14 NIGHT EXPLORING JAPAN CRUISE
Celebrity- Millennium 11th April 2020
Join the Millennium in Tokyo on this Classic, Magical Asia & The Far East Cruise with ports of call at: Tokyo, At Sea, Kobe, Kochi, Hiroshima, Kagoshima, Nagasaki, Busan, At Sea, Hakodate, Aomori, At Sea, Tokyo, Tokyo
||Board your ship between 12 noon and 3 p.m.
| All Flights
|14 Night Cruise
|On Board Gratuity
YOUR HOLIDAY HOME AT SEA
Delightful design, with clever use of natural light throughout its public areas, enhances the stunningly attractive ambience of this beautiful cruise ship and promotes an atmosphere of calm openness from the moment you board. The Celebrity Millennium oozes sophistication and is a superb choice for those looking for a refined and elegant cruise with all the modern facilities you could imagine. It’s a large ship, which means that not only are there activities and entertainment for all ages but also lovely deck and promenade spaces.
Facilities on Board
- Main dining hall, RMS Olympic speciality restaurant, casual eateries
- Panoramic viewing lounge
- Conservatory areas with floral artworks
- AquaSpa with pool, gym and treatment rooms
- Jogging track and multi-sports court
- Kids’ activities, for tots to teens
- Tonnage 91,000
- Passenger capacity 2,138
- Total Crew 999
- Total Cabins 975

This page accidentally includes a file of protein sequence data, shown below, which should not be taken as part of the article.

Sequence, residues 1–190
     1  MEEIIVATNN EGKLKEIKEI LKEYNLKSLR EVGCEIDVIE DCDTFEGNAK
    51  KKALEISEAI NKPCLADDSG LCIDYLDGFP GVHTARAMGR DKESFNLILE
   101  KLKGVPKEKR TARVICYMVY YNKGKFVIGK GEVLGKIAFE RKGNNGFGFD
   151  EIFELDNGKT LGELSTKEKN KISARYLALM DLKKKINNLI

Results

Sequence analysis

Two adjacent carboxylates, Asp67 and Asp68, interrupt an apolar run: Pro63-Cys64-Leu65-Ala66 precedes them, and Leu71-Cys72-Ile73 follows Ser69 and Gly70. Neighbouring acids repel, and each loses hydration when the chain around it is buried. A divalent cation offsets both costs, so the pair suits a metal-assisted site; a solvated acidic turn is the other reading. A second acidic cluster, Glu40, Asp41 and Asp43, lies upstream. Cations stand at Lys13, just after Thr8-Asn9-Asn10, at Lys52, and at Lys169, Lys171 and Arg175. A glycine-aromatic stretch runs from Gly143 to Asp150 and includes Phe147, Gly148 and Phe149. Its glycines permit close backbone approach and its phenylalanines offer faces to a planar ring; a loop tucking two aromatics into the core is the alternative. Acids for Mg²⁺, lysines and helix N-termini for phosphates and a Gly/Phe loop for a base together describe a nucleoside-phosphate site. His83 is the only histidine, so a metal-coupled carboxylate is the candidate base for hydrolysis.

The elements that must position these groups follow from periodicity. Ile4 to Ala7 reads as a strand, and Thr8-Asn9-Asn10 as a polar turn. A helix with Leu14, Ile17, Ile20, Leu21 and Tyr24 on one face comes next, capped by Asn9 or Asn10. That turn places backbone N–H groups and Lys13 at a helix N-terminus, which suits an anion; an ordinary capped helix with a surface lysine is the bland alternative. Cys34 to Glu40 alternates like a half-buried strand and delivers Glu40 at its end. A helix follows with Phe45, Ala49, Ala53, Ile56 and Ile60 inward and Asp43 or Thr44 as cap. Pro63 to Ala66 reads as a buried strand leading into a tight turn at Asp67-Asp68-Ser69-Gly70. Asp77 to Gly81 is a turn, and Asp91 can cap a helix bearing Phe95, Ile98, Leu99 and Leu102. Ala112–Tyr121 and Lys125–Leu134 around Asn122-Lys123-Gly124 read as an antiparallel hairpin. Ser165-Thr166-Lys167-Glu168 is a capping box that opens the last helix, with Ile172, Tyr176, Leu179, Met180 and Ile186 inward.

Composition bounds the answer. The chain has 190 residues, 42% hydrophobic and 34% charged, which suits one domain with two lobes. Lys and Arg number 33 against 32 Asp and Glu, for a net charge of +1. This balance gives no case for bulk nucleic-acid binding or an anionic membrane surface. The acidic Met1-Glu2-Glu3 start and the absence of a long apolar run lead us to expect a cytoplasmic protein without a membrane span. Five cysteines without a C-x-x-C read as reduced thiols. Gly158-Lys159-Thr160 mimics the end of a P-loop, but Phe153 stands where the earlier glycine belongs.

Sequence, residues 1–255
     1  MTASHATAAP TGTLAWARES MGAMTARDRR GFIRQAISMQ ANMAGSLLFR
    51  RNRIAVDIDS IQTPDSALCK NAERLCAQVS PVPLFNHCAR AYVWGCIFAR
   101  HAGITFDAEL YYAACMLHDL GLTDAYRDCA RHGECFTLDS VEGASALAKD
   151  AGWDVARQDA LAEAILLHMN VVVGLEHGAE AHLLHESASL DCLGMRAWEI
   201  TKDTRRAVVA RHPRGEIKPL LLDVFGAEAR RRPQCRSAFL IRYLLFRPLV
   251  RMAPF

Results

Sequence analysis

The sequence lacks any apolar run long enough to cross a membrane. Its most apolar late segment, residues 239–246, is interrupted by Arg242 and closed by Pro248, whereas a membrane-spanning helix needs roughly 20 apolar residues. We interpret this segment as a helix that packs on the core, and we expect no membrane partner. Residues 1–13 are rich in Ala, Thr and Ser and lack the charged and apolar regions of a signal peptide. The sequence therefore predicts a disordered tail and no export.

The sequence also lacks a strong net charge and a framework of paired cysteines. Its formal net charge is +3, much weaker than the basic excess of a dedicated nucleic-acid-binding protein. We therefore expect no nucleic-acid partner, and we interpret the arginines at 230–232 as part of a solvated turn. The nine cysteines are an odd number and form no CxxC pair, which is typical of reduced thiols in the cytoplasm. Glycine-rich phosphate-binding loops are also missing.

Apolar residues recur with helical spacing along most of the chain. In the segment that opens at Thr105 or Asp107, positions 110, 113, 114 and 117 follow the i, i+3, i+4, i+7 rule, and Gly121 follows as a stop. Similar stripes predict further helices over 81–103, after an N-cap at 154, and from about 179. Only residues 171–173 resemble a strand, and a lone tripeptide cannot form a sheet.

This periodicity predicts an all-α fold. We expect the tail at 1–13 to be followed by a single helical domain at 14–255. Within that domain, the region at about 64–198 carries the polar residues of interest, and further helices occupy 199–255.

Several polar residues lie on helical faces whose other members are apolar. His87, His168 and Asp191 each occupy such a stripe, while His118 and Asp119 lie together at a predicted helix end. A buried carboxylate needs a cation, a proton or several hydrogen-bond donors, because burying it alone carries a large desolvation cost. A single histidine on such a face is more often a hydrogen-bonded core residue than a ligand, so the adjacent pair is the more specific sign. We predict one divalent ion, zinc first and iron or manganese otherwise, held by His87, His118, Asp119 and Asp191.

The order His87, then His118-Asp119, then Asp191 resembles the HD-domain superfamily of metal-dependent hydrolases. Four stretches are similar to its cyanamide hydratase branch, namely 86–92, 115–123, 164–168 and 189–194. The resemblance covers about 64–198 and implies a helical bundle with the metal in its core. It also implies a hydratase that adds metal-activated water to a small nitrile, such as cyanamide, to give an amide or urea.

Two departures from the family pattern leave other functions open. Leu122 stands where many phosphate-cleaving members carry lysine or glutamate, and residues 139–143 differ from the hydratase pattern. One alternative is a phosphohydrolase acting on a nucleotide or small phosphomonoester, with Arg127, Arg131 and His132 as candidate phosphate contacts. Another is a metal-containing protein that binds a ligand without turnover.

- Decks 11
Day 1: Tokyo
Tokyo is a mega-metropolis of dizzying contradictions, both familiar and foreign. It has neon, skyscrapers, salaryman crowds, packed trains, cutting-edge architecture and futuristic technology. But it also has ancient shrines, plant-covered wooden houses, cycling grannies, old-school sweet shops and village-like lanes. It is one of the planet’s most densely populated cities (as any rush-hour train journey will demonstrate), with a hyperactive skyline that changes as regularly as the sun rises and sets. Yet it is also a city rooted in its traditions and in possession of a calm and efficient rhythm that belies its sprawling dimensions. And even though it’s home to a 13 million-plus population, trains run on time, there is no public litter and street crime is near non-existent. In short, it works
Embark your ship – Millennium
Day 2: At Sea
Day 3: Kobe
Kobe is the capital of Hyogo Prefecture and one of Japan’s ten largest cities. Located between the sea and the Roko mountain range, Kobe is also considered one of Japan’s most attractive cities. Kobe has been an important port city for many centuries. Its port was among the first to be opened to foreign trade in the 19th century alongside the ports of Yokohama, Nagasaki, Hakodate and Niigata.
Day 4: Kobe
Day 5: Kochi
There are a variety of cultural traditions that have been nurtured in Kochi over a long period of history, including “Tosa washi” – traditional handmade Japanese paper. Historical townscapes such as Kochi Castle, old sake breweries, traditional markets and railways are well preserved. These spots are popular with many local residents not just because of their value as historical legacies but also as symbols of their hometowns. The prefecture is dotted with hot springs where you can refresh yourself both physically and mentally while visiting these tourist spots.
Day 6: Hiroshima